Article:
The best part of Indian cotton is its extreme diversity and ability to grow under extremely divergent agroclimatic conditions, though its yield potential is low. It is sown throughout the year in different parts of the country. A lot of hybrids of the four main cultivable species - about 80 varieties in all - are also cultivated. The major cotton growing states are Punjab, Haryana, Rajasthan, Maharashtra, Gujarat, Madhya Pradesh, Andhra Pradesh, Karnataka and Tamil Nadu.
Since the First Five-Year Plan (1951), the government has given priority to cotton research and production. Over 46 years have gone by, with nothing to be proud of. With the largest area under cotton production, the average yield per hectare is still below the global average, even though inputs are intensive. Pest attacks are now taken for granted. Pests survive pesticides. Pest resistant varieties remain a distant dream.
To step up cotton production from the Seventh Plan (1985-90), the Indian government is implementing the Intensive Cotton Development Proramme (icdp) in 11 states. It includes the integrated pest management programme (ipm). "The icdp is being implemented in a uniform manner and is not location-specific, as it should be, since constraints and problems are location-specific," says Bansil. In Punjab and Haryana, the problem is of rising water table; in Tamil Nadu it is scarcity of water. "In ap , too many varieties are being cultivated. This creates problems for the supply of government-certified seeds and efficient control of pests and diseases," he explains.
Indian varieties of cotton have been replaced by new varieties that are more responsive to nitrogen fertiliser, but more vulnerable to predatory pests. Now, all cotton growing states complain that G hirsutum (an American variety) is input-intensive and highly risky. The improvement in yield is at a price: it requires 150-200 kg/ha of nitrogen fertiliser. Moreover, its susceptibility to pests demands large amounts of pesticides, which means additional costs. The production levels achieved after all this do not justify the rising input costs and labour charges.
The forgotten plan
The importance of pest control in agriculture has been recognised by the government as far back as 1945, when the Indian Famine Commission concluded: "If full benefits of irrigation, manuring and improved varieties are to be assured, effective action must be taken to deal with diseases, pests, worms and weeds... crop protection is an important factor..." Accordingly, the Directorate of Plant Protection, Quarantine and Storage (dppqs) was set up in 1946 at Faridabad, Haryana, under the Union ministry of agriculture. One of its tasks was to introduce innovative technologies such as the ipm programme. Training and research centres were established in 1957-58, and work initiated in 1981.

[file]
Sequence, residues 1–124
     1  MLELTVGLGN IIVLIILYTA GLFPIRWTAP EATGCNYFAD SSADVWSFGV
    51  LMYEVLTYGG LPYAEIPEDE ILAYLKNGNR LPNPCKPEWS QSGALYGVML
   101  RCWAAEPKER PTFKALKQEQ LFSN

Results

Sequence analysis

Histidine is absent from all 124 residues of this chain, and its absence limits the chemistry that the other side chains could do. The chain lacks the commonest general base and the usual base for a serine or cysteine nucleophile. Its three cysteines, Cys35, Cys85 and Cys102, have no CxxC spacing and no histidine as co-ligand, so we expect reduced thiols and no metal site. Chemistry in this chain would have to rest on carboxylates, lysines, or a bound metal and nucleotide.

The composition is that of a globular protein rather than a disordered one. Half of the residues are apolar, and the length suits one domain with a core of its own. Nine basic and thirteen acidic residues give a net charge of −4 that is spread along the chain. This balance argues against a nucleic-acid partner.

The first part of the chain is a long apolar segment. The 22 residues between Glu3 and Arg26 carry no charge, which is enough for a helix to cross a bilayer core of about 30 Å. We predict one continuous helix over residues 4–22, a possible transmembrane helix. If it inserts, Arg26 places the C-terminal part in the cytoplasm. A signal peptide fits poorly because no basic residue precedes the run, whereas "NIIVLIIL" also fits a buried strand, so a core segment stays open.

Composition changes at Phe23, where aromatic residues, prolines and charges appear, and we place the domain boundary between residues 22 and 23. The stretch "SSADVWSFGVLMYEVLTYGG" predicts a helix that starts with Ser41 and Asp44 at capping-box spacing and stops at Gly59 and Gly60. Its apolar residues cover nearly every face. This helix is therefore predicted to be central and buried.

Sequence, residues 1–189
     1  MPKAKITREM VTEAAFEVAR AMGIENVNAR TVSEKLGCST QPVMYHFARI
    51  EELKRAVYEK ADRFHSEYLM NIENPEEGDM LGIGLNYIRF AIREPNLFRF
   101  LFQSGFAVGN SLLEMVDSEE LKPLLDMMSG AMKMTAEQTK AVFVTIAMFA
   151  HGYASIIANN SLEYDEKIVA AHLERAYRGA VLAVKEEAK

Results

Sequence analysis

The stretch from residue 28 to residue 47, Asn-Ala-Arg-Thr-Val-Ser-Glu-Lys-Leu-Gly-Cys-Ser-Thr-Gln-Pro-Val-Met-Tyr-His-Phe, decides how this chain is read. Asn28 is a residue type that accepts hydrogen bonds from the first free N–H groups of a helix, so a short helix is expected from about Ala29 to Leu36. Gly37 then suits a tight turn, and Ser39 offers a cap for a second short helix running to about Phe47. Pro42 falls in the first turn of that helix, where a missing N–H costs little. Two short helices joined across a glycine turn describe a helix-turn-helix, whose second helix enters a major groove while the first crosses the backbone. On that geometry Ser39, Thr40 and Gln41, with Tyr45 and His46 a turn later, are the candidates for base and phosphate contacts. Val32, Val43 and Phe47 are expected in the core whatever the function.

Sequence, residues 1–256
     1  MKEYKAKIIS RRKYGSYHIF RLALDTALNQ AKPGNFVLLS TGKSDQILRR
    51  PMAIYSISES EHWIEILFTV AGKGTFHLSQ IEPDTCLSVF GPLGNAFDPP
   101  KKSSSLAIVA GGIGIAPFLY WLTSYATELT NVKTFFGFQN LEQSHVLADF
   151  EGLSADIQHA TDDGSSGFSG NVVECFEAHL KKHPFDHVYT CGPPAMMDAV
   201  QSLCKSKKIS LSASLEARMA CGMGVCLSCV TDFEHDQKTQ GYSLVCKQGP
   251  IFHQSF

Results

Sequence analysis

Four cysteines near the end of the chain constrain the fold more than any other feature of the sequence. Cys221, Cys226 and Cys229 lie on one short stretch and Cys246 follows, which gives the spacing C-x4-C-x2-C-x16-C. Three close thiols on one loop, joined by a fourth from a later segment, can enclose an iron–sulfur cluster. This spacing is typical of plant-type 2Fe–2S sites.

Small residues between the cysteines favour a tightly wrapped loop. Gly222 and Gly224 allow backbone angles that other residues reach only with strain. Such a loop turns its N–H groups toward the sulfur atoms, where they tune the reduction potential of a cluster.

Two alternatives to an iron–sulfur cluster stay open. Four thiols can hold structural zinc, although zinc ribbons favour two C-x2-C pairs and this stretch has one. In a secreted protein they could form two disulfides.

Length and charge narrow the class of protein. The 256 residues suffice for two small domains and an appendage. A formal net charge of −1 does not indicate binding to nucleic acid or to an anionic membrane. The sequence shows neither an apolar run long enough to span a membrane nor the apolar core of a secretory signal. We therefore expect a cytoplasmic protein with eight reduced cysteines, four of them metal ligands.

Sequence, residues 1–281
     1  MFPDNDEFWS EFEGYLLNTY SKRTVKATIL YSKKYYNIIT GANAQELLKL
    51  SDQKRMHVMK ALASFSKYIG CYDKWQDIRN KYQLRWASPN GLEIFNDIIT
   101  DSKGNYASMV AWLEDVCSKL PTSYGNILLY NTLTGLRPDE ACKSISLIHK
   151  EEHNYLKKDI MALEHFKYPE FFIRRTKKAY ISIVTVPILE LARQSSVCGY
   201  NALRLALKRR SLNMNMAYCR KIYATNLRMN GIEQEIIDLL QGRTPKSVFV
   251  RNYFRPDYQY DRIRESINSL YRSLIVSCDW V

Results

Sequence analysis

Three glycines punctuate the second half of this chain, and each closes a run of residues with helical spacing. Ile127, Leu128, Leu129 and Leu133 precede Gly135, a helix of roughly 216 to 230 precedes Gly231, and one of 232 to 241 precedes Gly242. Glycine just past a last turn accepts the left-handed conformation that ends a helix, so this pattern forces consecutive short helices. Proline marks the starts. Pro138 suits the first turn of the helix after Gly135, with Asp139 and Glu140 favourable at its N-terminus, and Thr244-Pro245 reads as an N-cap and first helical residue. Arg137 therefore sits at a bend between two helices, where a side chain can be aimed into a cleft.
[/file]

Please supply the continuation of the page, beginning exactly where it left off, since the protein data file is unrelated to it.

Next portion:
A number of policy changes followed. The outlay for the ipm programme in the Eighth Five-Year Plan was raised to Rs 4.5 crore from Rs 0.312 crore in the previous one. Human resource development programmes were initiated for field trainers who were to then train the farmers. The government promised to phase out subsidy on pesticides and to extend the revenue to the ipm programme. This, it promised, would promote the production of biocontrol agents and help phase out or ban the use of hazardous pesticides.
ipm is an ecological approach to manage pests.
Control methods deal with cultural, mechanical, biological and chemical practices. It is based on selective and timely application of pesticide and use of biological agents, including mass production and large-scale field release of natural predators of pests.
Sucking pests like the white fly are checked by their predators and parasites. ipm programme for cotton has been demonstrated to be technologically as well as economically viable for the farmers, reducing the use of pesticides.
The dppqs claims to have trained 12,000 field workers and 77,000 farmers. The ipm unit for the icar claims to have a successful package for cotton, which includes measures to deal with the infamous Spodoptera litura. Yet, training, awareness and all, the extension workers have failed to guide farmers towards ipm. "Farmers want their crop protection to be an instant kill," says Raheja. "They do not want to play the wait-and-watch game with pests, waiting for slow acting crop protection agents to act, and then use pesticides as the last resort," he adds.
" ipm is a location-specific and self-regenerating system, and will work only if there is a mass movement," says M C Diwaker, director of ipm at the dppqs. "The pesticide lobby pumps in new and more potent agrochemicals to manage resistance, thus creating further problems. Pesticides do not offer any long-term solutions to the pests. Rather, they create problems for long. ipm , on the other hand, augments natural predators, increasing biodiversity," he adds.
But farmers will not change their practices only for scientific reasons. They need to be convinced of the economic viability. " ipm has yet to be adequately demonstrated to the satisfaction of farmers," admits Raheja. Despite having 32 central surveillance systems for pest monitoring and forewarning, information provided is inadequate, and the application of pesticides akin to a post mortem, feels Diwaker.